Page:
Induction of anaesthesia can be achieved by administering a judicious dose of opioid, hypnotic agent and a muscle relaxant. A reinforced endotracheal tube (ETT), alongside a bite block, is often used due to a common need for neck flexion or rotation (eg, in suboccipital craniotomy, resection of vestibular schwannoma), which confers a higher risk of ETT kinking.4,14 Laryngoscopy is done with care, and additional doses of induction agent and/or opioid can be used to avoid a hypertensive response, which can raise ICP.3

The maintenance of anaesthesia and considerations relating to cranial fixation with pins in posterior fossa surgery are similar to those in supratentorial craniotomies and are further discussed in ATOTW 466.15

Another important consideration in posterior fossa surgery is the provision of a “relaxed” brain. With the surgical window often being narrow, excessive cerebellar retraction can result in complications such as venous congestion, brain swelling and postoperative obstructive hydrocephalus. Optimal brain relaxation helps protect the brain from retraction injury and compression-induced ischaemia.16 To achieve this, it is important to avoid excessive doses of volatile agent due to their inherent vasodilatory effects. Furthermore, proper patient positioning, meticulous fluid management, avoiding hypotonic solutions and maintaining sufficient cerebral perfusion are essential in preventing brain congestion. Depending on the individual patient, osmotic agents (eg, hypertonic saline, mannitol) are sometimes used.


Depending on the location of the lesions, posterior cranial fossa surgeries can be carried out in different positions. The most common positions are supine with head rotated, lateral or park bench, semirecumbent, prone and sitting position.


Although previously popular owing to the improved surgical orientation, the sitting position has fallen out of favour in recent years due to potential serious complications.4,8 It is now performed in only a handful of neurosurgical centres worldwide.17 Due to improved venous and CSF drainage, it provides surgeons with a better access to midline and cerebellopontine structures (Figure 2). It is, however, associated with various complications including VAE, haemodynamic instability, pneumocephalus, macroglossia and peripheral nerve injury.2-4,9 In view of the high incidence of VAE, a transoesophageal echocardiogram probe or precordial Doppler is usually placed before the start of surgery. Sitting position is also contraindicated in patients with PFO, and its exclusion is warranted in preoperative assessment.2,9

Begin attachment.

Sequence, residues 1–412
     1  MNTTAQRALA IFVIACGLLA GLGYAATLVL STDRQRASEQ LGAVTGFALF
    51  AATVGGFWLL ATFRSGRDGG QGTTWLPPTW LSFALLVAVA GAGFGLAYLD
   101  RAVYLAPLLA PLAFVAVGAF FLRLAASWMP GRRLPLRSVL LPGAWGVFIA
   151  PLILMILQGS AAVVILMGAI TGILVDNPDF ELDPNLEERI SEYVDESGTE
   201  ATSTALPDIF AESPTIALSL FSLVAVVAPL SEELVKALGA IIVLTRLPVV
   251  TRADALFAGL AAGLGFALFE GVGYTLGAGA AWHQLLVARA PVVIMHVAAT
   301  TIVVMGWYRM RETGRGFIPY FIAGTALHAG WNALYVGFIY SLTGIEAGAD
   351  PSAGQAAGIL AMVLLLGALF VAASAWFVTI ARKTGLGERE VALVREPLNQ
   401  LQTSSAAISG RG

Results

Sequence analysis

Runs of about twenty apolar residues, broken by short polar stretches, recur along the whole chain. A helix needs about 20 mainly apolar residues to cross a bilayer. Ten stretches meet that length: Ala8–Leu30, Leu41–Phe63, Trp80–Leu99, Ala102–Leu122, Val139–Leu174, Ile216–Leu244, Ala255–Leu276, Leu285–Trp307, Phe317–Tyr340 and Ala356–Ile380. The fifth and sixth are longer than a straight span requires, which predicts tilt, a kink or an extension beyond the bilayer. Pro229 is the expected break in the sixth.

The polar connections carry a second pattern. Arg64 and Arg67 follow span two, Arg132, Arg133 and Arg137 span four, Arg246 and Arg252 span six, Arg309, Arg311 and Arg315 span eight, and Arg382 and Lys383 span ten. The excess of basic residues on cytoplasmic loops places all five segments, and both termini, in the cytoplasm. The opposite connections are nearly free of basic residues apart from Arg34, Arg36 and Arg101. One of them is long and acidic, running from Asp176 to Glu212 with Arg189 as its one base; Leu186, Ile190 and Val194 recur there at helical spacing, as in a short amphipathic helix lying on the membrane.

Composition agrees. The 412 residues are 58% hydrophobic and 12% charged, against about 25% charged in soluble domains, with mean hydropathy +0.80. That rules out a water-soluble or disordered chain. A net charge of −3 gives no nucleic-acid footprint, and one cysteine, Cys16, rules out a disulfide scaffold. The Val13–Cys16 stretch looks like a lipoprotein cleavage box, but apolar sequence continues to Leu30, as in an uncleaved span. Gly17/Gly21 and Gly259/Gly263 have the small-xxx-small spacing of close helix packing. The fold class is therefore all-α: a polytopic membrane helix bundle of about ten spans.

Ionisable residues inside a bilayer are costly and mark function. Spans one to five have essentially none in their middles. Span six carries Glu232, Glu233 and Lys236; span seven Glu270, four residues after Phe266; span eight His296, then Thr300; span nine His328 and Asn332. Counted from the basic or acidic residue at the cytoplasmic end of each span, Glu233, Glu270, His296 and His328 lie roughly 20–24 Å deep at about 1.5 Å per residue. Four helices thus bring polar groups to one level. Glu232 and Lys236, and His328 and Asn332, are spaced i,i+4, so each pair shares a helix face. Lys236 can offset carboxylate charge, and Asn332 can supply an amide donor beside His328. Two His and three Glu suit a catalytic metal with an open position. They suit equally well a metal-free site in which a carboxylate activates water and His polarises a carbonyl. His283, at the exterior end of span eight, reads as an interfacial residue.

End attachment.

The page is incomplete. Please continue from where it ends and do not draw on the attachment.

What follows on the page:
Supine position is usually used for lateral structures in the posterior fossa as well as acoustic neuroma.2-4 The patient’s head is rotated to the contralateral side, and a supporting pad is often placed under the ipsilateral shoulder to minimise brachial plexus injury.18 Extreme lateral rotation of the head can obstruct venous flow and lead to increased ICP.4,18


The prone position facilitates access to the midline structures.2-4 It has gained popularity over the sitting position due to the lower incidence of VAE. However, it has several disadvantages and may not be suitable for certain patient groups. This position restricts airway access, requires repositioning for effective cardiopulmonary resuscitation, and can compromise ventilation by splinting the diaphragm.2-4 Positioning may require more time and additional staff for assistance.


The lateral position provides optimal surgical access for unilateral procedures by facilitating gravity-assisted drainage of blood and CSF.2-4 It has a lower incidence of VAE and cardiovascular instability but has the risks of brachial plexus and peripheral nerve injury and may increase ventilation-perfusion mismatch of the dependent lung.2,4 Care should be taken to position the dependent arm to avoid pressure on peripheral nerves.18


The semirecumbent position is a modification of the lateral position (Figure 3). In this position, the patient’s head is flexed at the neck, and the body is rotated into a semiprone position so the eyes face the floor. It provides better access to midline structures as compared with the lateral position, but also carries the risk of peripheral nerve injury, venous engorgement and macroglossia.2,4,18


Nitrous oxide use is not recommended given the risk of VAE and postoperative pneumocephalus, as it can cause expansion of the trapped air. The risk of VAE increases if the surgery involves opening of any dural sinuses. The sitting position is now used infrequently, and fewer cases of VAE have been reported. VAE is discussed further in ATOTW 340.13


The brain stem–cardiac reflex can occur during posterior fossa surgery and is often related to direct brain stem manipulation or cranial nerve traction. Clinical manifestation ranges from transient hypotension or bradycardia to more severe haemodynamic instability that may result in cardiac arrest. Several brain stem–cardiac reflexes have been described, including the trigeminal- cardiac reflex and glossopharyngeal reflex.19 Although each reflex arc is distinct, all arcs culminate in cardioinhibitory vagal stimulation, leading to haemodynamic perturbations. Prompt recognition is key, and management involves informing the surgeon so that surgical stimulation is stopped immediately, and if bradycardia persists, adult cardiac life support should be followed. More detailed discussion regarding the brain stem–cardiac reflex can be found in ATOTW 452.19